Thunder Bay, ON, Canada | Member Since 2012
Lasted a few chapters but only because I thought I was otherwise wasting a credit. Loved the Da Vinci code, rolled my eyeballs but finished Angels and Demons and hated the first few chapters of Inferno which I will not finish even if someone will pays me money for it.
Loved the first book which was simply brilliant and gave it 5 stars all around. This is still a great read/listen although the story spins its wheels at times. A few times i found my self thinking 'oh get on with it already...' but only a few. I think it needed another round of edits to shorten a few of the parts just a little. Still great and my life is a little empty now without the characters I came to love. Looking forward to book 3. Will take a break from fantasy with some mindless military sci-fi and then onto Mistborn! I am so excited about the prospect of another Sanderson epic fantasy,
I normally do not write reviews but I believe I owe this book/author/performers/the world one here….
A fan of good sci-fi, military sci-fi, post-apocalyptic and historical fiction I always have a difficult time trying out a fantasy fiction. A few years ago my wife convinced me to listen to the Game of Thrones series by George R. R. Martin and I did enjoy it a lot mainly because the books read very much like good historical fiction novels. Still not a 5 star for me but very good series nonetheless.
Brandon Sanderson’s the Way of Kings however is a masterpiece. This rich story has just about everything I love in a book and with the right sprinkling of philosophy to boot. I didn’t think it possible but I believe that Sanderson may have deposed Bernard Cornwell from the “master battle storyteller” throne. Initially, I though 45 hours may be a bit much although I did enjoy a few 30+ hour novels in the past. This is a new genre for me though so I wasn’t convinced I will last. The story and narration is brilliant and I was so completely sucked into the story and all of its characters I wish it was longer. Simply awesome. Can’t wait to start the Words of Radiance tonight!
The same old Zombie formula. Reviews were promising but the book was disappointing. Top notch narration. This was the first book I listened to that was narrated by Sean Runnette and the performance was most eloquent.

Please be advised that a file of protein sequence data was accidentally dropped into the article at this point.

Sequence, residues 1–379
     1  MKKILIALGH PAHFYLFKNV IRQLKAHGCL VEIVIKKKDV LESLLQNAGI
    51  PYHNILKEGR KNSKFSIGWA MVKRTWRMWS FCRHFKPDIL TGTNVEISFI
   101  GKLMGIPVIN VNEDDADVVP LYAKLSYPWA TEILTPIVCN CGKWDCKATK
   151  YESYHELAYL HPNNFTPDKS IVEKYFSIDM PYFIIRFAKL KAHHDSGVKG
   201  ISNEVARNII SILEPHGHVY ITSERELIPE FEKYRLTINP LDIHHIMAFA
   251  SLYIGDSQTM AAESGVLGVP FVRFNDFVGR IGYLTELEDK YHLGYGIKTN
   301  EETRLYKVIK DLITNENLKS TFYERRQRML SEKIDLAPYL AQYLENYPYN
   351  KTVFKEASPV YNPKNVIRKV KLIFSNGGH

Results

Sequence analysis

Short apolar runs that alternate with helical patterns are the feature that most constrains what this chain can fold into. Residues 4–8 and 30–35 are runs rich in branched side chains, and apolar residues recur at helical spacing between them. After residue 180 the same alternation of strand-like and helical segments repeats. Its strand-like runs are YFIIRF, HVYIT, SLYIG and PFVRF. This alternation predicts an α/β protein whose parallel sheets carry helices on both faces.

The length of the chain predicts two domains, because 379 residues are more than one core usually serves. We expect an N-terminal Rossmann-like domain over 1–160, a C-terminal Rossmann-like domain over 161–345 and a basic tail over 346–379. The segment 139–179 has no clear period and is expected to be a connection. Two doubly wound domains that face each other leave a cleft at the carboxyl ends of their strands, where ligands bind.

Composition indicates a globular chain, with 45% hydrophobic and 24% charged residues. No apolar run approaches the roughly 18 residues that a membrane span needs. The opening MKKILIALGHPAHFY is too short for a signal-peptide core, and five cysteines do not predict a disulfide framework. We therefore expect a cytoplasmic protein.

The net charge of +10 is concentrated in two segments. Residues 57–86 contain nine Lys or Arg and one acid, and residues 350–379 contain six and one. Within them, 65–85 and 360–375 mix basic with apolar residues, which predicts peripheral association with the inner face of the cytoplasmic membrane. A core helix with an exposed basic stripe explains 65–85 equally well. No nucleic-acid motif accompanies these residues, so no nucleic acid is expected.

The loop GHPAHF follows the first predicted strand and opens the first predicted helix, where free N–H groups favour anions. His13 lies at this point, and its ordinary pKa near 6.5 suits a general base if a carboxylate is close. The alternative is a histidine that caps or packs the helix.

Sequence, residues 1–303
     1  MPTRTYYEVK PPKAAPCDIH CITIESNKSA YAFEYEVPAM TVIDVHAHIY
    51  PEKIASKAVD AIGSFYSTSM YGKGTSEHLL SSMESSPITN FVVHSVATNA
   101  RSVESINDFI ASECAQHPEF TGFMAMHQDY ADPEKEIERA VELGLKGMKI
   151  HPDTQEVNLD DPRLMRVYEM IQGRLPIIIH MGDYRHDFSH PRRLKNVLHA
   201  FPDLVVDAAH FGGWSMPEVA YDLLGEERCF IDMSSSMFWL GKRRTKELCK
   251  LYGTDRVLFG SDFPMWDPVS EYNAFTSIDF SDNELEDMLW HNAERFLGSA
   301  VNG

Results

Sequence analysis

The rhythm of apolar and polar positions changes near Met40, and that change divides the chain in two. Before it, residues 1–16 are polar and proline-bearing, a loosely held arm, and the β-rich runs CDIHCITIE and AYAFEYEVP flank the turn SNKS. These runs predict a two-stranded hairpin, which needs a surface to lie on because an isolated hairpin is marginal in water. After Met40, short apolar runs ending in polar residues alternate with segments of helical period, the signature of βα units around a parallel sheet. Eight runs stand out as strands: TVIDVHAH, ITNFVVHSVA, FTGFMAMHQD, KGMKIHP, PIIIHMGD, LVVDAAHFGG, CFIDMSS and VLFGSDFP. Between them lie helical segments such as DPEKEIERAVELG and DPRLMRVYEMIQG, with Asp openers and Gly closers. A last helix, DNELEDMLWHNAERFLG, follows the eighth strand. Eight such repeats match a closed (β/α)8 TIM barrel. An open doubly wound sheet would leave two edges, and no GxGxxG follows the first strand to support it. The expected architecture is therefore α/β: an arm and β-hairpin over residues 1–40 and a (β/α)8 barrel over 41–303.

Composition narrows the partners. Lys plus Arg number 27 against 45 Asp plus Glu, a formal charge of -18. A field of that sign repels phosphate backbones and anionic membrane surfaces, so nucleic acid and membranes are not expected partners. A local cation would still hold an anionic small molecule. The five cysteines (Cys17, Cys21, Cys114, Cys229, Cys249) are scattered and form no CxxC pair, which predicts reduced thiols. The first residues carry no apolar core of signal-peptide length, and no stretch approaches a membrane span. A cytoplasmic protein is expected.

Audio & Performance - It requires effort and dedication to listen to this particular audiobook. Probably comparable to reading a book printed on grey paper where every word is a different shade of grey.
Many reviewers have said it before me - there is something wrong with the audio. This is hands down the absolute worst recording from Audible I've personally listened to. I went as far as re-downloading the lower quality version, hoping that down-sampled file would correct the volume levels but it was as bad as the high quality. I then reported this as "faulty" audio to Audible who inspected it and found nothing wrong with the file. (A little concerned there an "audio" focused company could not hear the "audio" problem.) I am sure they have not read all the complaints here. Voice volume fluctuations in this recording can give you headaches it's so bad. It sounds like the sound technicians made an error and tried to fix the recording by filtering out the noise so many times they screwed up the audio royally in the end. Many reviewers said that they had trouble following the characters and all the subplots partly due to the poor audio. I could not agree more. I believe it is even worse if English is not your native language such as myself. I was straining to hear and fiddling with the volume the entire time. As for the narrator, John Lee is usually pretty good and I have listened to at least 4 other books narrated by him but audio issues aside his performance here is less that stellar - for obvious reasons though - this book drags on and on and on and on....